With the markets down from this time last year, Roth conversion may be a perfect option to yield additional tax benefit when moving money.
Using Roth Conversions to Reduce Taxes and Give Tax Free Money to Family
James Brewer, Contributor
Nov. 1, 2022
A Roth Conversion may reduce your lifetime tax bill. It reduced the lifetime taxes over $300,000 for the fictitious case illustrated later. It could save you on taxes you will pay on your traditional pre-tax 401(k)/403(b) savings, as well as your IRAs. What is a Roth conversion? You tell the IRS that you want to pay the taxes on your pre-tax retirement savings before they mandate that you do. Today, you may be in a different or ideally, lower tax bracket than you were when you saved the money. It would be better to pay the taxes now at a lower tax bracket.
Many people are unaware that a tax bill will be due on their IRA/401(K)/403(B) monies because of required minimum distributions. What if you decided not to wait, and paid taxes based on your own decisions? Let’s look at a fictitious case of Renee and Chuck that I developed using MoneyGuide Elite tweaked by their representative, Adam. Renee makes $120,000 and Chuck is a stay-at-home husband. Renee is 60 and Chuck is 62. Renee plans to work until 65 and it’s projected that she will live to 100. The Roth Conversion starts in 2027 and ends in 2036, not exceeding a 24% Max Bracket. Here’s what assets Renee and Chuck have to work with.
- 401(k) $800,000 with annual additions of $7,200
- Rollover IRA $200,000
- Contributory IRA $75,000
- Roth IRA $50,000
- Non-retirement $100,000 with annual additions of $10,000
The table below shows that taxes have decreased $327,639. This required them to pay more in taxes than they otherwise would have during the conversion. It is difficult to know when one of the spouses might pass on. Given that single taxpayers have lower income tax bands and spending by the surviving spouse is 75%, there could easily be more tax erosion.
The Roth assets passed to heirs has more than doubled, significantly decreasing the taxes on the assets being passed to them. This far outpaces the fact that a small amount of assets are being passed to heirs. Current laws would require the qualified money [IRA/401(K)/403(B)] to be taxed over no more than 10 years. Inherited IRA money is added to the heirs existing income.
Let’s examine some of the mechanics of a Roth conversion. I’ll illustrate assuming a worker under 50 making $120,000. Their income over $89,075 is taxed at 24%. We’ll use the marginal tax bracket for a Single filer table to help illustrate how taxes would apply on the conversion:
How you answer some key questions may sway your thinking on conversions:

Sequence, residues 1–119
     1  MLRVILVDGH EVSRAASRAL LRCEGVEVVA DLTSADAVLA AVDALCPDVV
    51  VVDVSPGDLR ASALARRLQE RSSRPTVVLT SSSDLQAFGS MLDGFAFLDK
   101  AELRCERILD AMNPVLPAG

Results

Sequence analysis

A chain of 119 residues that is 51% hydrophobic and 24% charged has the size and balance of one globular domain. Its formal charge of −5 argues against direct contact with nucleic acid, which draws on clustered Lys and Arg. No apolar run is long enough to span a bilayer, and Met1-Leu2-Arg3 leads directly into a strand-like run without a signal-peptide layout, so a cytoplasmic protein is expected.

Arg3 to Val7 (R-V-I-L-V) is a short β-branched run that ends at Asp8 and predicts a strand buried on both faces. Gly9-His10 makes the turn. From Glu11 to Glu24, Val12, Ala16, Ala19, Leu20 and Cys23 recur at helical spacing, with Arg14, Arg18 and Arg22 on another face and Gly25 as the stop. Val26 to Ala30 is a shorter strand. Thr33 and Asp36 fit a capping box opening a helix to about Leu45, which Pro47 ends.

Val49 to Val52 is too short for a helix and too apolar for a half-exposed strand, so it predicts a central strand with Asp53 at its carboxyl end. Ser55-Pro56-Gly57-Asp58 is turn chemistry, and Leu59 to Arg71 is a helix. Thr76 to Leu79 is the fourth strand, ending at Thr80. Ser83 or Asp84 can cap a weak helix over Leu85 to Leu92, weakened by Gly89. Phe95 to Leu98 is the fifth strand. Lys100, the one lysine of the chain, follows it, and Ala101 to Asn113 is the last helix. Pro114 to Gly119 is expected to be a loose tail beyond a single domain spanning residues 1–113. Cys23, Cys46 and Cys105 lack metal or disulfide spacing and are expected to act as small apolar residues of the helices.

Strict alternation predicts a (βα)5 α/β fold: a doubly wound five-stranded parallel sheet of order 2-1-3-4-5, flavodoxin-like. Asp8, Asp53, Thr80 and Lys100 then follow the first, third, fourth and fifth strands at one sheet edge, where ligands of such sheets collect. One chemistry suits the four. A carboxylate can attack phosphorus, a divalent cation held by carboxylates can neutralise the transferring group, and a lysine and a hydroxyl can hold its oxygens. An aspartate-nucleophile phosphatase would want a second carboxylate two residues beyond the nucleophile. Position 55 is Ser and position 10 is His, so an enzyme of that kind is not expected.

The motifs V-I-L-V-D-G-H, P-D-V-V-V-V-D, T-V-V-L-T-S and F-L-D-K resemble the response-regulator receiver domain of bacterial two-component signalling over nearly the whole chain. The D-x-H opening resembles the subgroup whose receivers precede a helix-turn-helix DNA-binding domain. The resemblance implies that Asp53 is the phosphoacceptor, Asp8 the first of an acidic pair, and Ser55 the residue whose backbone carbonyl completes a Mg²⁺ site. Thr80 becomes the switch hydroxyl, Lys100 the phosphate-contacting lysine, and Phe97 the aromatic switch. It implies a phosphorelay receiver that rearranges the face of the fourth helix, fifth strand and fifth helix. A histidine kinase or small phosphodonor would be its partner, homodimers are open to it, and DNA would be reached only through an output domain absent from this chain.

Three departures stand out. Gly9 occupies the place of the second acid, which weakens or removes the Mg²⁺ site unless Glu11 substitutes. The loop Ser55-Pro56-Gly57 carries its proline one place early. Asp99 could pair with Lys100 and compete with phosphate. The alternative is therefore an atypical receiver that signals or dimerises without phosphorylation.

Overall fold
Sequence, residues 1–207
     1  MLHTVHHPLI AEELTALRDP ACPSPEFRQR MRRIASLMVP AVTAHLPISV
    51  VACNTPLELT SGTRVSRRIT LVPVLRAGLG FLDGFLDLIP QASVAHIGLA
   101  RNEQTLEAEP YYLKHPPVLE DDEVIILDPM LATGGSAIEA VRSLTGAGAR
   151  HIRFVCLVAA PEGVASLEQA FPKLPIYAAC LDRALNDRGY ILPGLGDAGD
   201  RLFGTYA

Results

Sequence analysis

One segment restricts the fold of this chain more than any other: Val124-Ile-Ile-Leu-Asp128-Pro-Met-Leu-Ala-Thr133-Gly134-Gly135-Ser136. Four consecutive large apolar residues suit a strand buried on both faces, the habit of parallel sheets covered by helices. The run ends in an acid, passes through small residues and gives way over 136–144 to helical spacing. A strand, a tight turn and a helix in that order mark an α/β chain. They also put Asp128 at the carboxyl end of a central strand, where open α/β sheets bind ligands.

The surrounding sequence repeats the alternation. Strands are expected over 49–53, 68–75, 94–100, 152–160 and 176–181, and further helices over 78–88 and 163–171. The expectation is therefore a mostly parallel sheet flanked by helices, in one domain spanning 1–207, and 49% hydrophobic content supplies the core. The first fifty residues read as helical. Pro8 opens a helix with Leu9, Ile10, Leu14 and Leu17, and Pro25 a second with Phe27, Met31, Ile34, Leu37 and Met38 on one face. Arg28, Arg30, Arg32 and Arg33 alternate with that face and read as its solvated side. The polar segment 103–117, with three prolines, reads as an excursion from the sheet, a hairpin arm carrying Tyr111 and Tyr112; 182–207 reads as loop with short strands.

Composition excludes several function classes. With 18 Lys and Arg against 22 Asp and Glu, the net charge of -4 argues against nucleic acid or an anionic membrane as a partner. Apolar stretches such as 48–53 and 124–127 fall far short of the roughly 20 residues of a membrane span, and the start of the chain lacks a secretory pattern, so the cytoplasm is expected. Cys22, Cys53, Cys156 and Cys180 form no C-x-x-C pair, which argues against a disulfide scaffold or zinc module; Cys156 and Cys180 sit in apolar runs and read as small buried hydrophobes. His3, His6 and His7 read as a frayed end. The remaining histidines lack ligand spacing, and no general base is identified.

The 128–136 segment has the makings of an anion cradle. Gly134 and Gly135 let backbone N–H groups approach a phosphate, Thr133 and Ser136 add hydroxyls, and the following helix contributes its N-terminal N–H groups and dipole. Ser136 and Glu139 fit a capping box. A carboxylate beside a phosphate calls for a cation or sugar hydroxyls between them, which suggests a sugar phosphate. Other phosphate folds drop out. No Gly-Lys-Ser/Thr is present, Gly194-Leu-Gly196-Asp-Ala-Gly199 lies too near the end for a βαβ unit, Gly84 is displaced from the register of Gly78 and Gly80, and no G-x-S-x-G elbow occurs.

- Do you have a Roth IRA?
- Do you have a Roth 401(k)/Roth 403(b)?
- Do you have outside assets?
- Are you a small business owner?
Do you have a Roth IRA?
I’ll use a yes answer. Assume you have some prior 401(k)s and IRA accounts totaling $25,000. You can simply tell the custodian of your Roth IRA and the IRS that you are converting those monies to your Roth IRA. You add the $25,000 to your $120,000 for a new income of $145,000. The additional $25,000 is taxed at 24% for an additional tax of $6000. As you aren’t withdrawing the money, you don’t trigger the 10% early withdrawal penalty. You can simply pay the additional amount of pocket, using your income or withdrawing from an account with $6000 in it. Some people may want to pay the taxes out of the $25,000 itself. A withdrawal of $6000 would itself require a larger withdrawal of because the withdrawal would be taxed. If you’re under 59 ½, it would also add an early withdrawal penalty.
Now let’s assume that you have $500,000 in IRA, 401(k) and 403(b) monies. If you convert the whole amount, you will pay in three different tax brackets. On the first $50,050 you would pay 24% tax, the next $45,900, 32% tax, the next $323,950, 35%, and the next $80,100, 37% tax. That would make the total tax bill $169,720. That would be more than your income, so you would need an outside account to pay for it. Rather than converting the whole amount, you could do partial conversions. If you converted $50,000, keeping you in the 24% tax bracket, you could pay $12,000 per year for 10 years ($12,000 * 10 years = $120,000). That would save you $37,720 ($169,720 – $120,000 = $37,720). While that looks great on the surface, that assumes that tax rates don’t go up in the future.
Are you a participant in a Roth 401(k)/Roth 403(b)?
If yes, you can do in-plan Roth 401(k) conversion. You should reach out to the recordkeeper (at your current employer) of your plan to learn their conversion process. In this case, you can only convert your traditional savings in this 401(k). Do you have 401(k) or 403(b) savings at previous employers? If so, you could rollover those monies into your current 401(k) which would increase the amount you could convert.
The in-plan Roth 401(k) conversion does have a downfall. All 401(k) monies are subject to required minimum distributions. These monies will increase your required minimum withdrawals compared to if they were in a Roth IRA and would not be aggregated with your other contributions. Those don’t kick in until age 72, so you may have some time to figure out a different plan to avoid the downfall.
A Roth conversion can be implemented whenever the timing is right. I recommend working with a Certified Financial Planner that will work in concert with your Certified Public Accountant or Enrolled Agent (IRS approved tax agent). May the tax savings be with you!
By James Brewer, Contributor
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This article was reprinted with permission by Forbes Media LLC. The views expressed herein are those of James Brewer, contributor, and do not necessarily reflect the views of The H Group. This Forbes article was legally licensed through AdvisorStream.